One ITO didn't make the cut. The Residential Construction Industry Training Organization (RCITO) received $450,000 from the ITA last year. In February it was informed that because its member industries weren't registering with the ITA to support apprentices, and few apprentices were signing up for RCITO trades, they would no longer receive ITA funding as of March 31.
Evans told The Tyee Solutions Society that employer sponsorship of apprentices under RCITO dropped from 19 per cent of residential construction employers in 2010/11 to only nine per cent in 2011/12. The ITA previously moved traditional residential trades assigned to RCITO, such as carpentry, to the Construction Industry Training Organization. This left RCITO with newer, more-residential specific trades like geothermal, heat and building envelope technicians, and residential interior and exterior finishing.
Mary Kenny, CEO of RCITO, says employers had signed up to accept apprentices, but all of RCITO's trades, except log building, are brand new. The ITA has not even designated three of the trades, meaning colleges and trades schools can't offer apprenticeship classes in them. Kenny says many employers grew frustrated with the wait times to have courses approved -- as long as four years in some cases -- and just dropped off the list.
"Many residential employers do hire apprentices in the traditional programs but are frustrated with the lack of appropriate skills and knowledge that they bring to the trade. They have been waiting for the new residential-based apprenticeships," she said in an email.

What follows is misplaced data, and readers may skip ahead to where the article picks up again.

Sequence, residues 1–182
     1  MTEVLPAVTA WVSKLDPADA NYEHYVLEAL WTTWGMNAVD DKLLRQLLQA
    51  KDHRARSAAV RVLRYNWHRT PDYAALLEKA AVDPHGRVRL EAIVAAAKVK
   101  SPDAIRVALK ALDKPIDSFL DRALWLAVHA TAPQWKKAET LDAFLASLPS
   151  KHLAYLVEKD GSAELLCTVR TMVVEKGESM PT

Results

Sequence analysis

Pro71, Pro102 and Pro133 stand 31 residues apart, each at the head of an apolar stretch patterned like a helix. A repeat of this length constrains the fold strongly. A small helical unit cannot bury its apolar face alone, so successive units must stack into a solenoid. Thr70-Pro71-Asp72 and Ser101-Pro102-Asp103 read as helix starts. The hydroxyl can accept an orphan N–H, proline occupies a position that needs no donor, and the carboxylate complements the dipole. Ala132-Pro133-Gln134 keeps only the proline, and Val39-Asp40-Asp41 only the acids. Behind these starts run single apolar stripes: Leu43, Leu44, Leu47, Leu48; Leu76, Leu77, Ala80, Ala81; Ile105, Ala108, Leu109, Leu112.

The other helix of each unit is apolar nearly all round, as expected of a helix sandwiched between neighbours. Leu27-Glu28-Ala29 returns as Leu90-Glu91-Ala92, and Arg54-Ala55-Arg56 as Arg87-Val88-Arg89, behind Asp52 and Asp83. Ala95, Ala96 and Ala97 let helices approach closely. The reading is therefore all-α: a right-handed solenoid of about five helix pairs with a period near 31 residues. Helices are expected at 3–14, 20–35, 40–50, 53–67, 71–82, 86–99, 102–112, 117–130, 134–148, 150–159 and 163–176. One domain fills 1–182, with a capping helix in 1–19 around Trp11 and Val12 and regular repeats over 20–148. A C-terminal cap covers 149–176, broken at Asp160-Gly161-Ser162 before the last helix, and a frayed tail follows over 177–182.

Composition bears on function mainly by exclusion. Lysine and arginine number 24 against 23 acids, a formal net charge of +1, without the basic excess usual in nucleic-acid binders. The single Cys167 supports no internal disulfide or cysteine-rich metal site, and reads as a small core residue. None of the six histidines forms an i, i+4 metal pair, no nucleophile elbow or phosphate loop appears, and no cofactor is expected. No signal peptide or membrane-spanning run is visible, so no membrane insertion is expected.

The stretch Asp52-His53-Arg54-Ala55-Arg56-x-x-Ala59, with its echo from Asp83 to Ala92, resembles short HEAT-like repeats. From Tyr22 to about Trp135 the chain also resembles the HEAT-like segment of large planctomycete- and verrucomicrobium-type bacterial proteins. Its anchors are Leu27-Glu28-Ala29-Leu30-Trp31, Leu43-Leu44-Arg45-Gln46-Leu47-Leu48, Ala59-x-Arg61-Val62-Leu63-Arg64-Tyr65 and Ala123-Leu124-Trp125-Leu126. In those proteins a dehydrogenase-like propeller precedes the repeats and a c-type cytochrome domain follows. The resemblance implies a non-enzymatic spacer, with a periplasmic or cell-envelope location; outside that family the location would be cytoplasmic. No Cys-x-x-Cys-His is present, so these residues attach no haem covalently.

The ITA labels several RCITO trades inactive, meaning there is no technical training available anywhere in B.C. Kenny says the ITA doesn't always consult with industry before they make a trade inactive.
"1.6 million [households] we have in British Columbia, and we're saying that we don't need to have an industry training organization to coordinate trades training for that industry," she said. "In my mind that is scandalous."
Kenny says RCITO isn't the only ITO with a drop in employers hiring apprentices. Evans agrees, saying during a recent episode of the Shaw TV program Voice of B.C. that he's seen a drop in employers hiring apprentices across the board. He says it's typical for a recession, and it took 10 years for numbers to recover after the previous recession. NDP Higher Education Critic Michelle Mungall says other ITOs have been airing their frustrations to her. "The feedback I get from the ITOs," she says, "is they're not really sure what their role is. There are some defined roles, but just because it's in black and white on the Internet doesn't necessarily mean that's what's being done in practice."
Kerry Jothen is another observer who believes the ITOs are underused. Now running a consulting firm, Human Capital Strategies, Jothen was CEO of the ITA's predecessor body, the ITAC.
"I think that ITA needs to let the ITOs do more. The ITOs are the arm of industry, the mechanism through which industries can participate in and be supportive of the trades apprenticeships, and I think the ITA needs to better support the Industry Training Organizations on that," he says.
Who's hiring apprentices anymore?